The extent of Lavater's work shows an admirable persistence. For years, he collected these prints and drawings of the famous, the farmers, geniuses or "idiots" - all of eaqual interest to him. He also commissioned drawings by artists and art-students. He had a whole 'staff' of well known artists; Daniel Nikolaus Chodowiecki, Johann Heinrich Fussli, a childhood friend, the illustrator Johann Rudolf Schellenberg, the portrait painters Heinrich Pfenninger and Georg Friedrich Schmoll. They did all the studies and details like eyes, noses, mouths - the "fragments of physiognomy" - Lavater just classified and wrote comments.
He was simply obsessed with collecting evidence to promote and support his theory on physiognomy. But, even with this capacity for networking, Lavater would easily have been forgotten, were it not for his ambition to turn these theories into a science.
Lavater the face reader
I started to read the accompanying texts more carefully and had just begun to appreciate and admire the attention to detail and extent of the work when I discovered a new dimension. The texts were both disturbing and confusing; a person who Lavater described as wise, noble and honest looked just plain silly to me. Beware of your lips too, on page 260 in one issue Lavater starts a chapter about lips like this: "Wie die Lippen, so der Charakter" - he claims the lips reveal our character. Many of Lavater's comments came over as pretty preconceived judgements, based on the most bizarre interpretations of human features. More and more disturbing - but also an interesting peek into European fads two hundred years ago.
Hopefully, the texts reflected Lavater's time, more than his personal attitudes. The way he connected dishonesty or greed to a certain type of lips made me wonder how he chose his friends. I'm guessing; not entirely by his own research criteria? Personally, I hardly notice the details of a friends face. That is, until I draw or paint it - and I most certainly don't choose friends by the angle of their nose.
According to Lavater, there were even specific national features that accounted for more or less heroic character. See for instance how he describes a "typical Russian": "Fig. 5.- This head is visibly Russian. At least there will be no hesitation in answering the question - Is it English, French, Italian, or Russian? The retreating of the upper parts, the high eyebrows, shallow eyes, short, somewhat turned up nose, and the large under part of the countenance, show the Russian. Worthy, faithful, good, brave; one to whom all wish well."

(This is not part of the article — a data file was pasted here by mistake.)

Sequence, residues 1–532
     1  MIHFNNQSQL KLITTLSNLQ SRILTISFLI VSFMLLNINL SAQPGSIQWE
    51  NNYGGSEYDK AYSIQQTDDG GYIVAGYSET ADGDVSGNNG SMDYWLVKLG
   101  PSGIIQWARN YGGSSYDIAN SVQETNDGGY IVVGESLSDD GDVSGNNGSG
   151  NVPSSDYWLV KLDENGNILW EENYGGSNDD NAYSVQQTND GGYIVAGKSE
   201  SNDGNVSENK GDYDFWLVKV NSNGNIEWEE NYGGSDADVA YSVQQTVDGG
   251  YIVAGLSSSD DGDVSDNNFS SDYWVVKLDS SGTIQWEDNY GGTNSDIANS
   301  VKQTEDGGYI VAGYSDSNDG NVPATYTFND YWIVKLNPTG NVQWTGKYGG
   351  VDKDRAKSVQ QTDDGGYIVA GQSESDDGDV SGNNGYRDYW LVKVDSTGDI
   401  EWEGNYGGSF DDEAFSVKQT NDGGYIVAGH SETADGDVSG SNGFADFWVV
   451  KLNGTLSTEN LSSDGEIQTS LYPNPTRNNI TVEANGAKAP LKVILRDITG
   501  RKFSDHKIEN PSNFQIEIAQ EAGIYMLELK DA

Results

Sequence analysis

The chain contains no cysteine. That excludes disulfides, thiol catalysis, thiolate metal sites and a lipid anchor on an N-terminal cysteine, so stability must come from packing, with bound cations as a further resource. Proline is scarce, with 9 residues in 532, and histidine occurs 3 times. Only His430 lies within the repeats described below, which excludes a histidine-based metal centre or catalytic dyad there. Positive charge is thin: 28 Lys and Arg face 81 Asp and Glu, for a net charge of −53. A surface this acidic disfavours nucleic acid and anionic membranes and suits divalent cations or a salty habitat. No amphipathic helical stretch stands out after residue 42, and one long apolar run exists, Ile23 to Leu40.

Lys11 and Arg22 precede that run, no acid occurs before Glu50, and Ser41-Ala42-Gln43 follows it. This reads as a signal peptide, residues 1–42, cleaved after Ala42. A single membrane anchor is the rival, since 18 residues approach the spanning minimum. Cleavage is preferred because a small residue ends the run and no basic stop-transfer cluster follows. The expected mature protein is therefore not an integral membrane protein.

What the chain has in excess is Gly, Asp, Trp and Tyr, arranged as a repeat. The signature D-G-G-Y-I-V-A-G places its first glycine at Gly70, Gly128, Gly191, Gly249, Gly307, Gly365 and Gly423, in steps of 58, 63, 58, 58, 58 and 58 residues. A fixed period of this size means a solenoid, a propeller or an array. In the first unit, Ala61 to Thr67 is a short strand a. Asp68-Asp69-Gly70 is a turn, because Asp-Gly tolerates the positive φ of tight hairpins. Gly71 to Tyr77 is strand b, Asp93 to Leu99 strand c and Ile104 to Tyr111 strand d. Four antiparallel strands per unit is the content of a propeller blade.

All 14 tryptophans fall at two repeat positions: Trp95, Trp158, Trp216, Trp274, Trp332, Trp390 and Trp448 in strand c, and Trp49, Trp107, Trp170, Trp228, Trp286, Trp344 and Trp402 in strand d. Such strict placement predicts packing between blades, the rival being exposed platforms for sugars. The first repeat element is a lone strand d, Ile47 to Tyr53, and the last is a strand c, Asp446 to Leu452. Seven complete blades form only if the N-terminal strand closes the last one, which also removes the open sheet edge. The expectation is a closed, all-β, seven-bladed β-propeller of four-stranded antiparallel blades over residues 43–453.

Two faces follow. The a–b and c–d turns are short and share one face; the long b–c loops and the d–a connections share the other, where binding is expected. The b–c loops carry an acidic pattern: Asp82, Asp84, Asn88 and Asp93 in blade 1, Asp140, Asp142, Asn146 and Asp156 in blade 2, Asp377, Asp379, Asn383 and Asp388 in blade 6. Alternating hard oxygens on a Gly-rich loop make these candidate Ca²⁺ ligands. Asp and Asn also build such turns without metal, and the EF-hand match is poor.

The Russian in the drawing instantly reminded me of someone. A Russian of today. Now, I'm sure Putin won't have a problem with Lavater's flattering words, as he certainly resembles the heroic figure to the left, illustrating Lavater's description. His last sentence makes me wonder - how much was political correctness? (Middle and right: two photos of Putin).
Read my nose
Even if I find noses intensely fascinating I like to think I'm witout the prejudice of Lavater's century. Still, I wonder if other discriminating attitudes may be lurking in my subconscious? Can I really trust myself never to judge someone by their mouth or nose? I don't know. After all, our features are part of our body language. We read body language, whether we notice or not, it is a distinct and expressive language when used on the stage.
Take for instance wrinkling of the nose - the interpretation of that expression is bound to be universal. But Lavater didn't deal with expressions. He was interpreting the actual features, as shown in the selection and comments below.
Have a look at these nose-studies above, and see if you find one that matches the nose of Putin or his predecessor. I'm not quite sure which one to pick, it would be either nose number two, three or six. Possibly number two? Now, let's have a look at Lavater's personal interpretations of the three selected noses:
Number two says 'verstandig und roh' - that means 'wise and raw', 'raw' as in 'brutal'.
Number three: 'merklich schwach' - means 'oddly weak'
Number six sounds funny too; 'schwachgut' - this means 'good, in a weak way'.
Quite intriguing, description number three. What is odd? That a nose has a weak form? - Or does he really mean that a person with this nose is weak? That's nonsense! Or is it? Sort of baby-nose, really a nice nose for a girl or a small child.
Again I check myself; will I rule out that someone with a baby-nose is aggressive and dominant or rather assume he is pleasant and good humored? (I know. I shouldn't go there.) Then, number six, 'good in a weak way', what does that imply? I find it more 'merklich' that it should be termed weak - looks rather common to me. But then again, maybe Lavater thought it pretty common to be weak?
If I had lived in Zurich during the last part of the 18 th century maybe I would have been making portrait drawings for Lavater and writing notes like this one: "Kunstler aug, nur sollte der Winkel spitzer sein", or "Artists eye, but the angle should be sharper".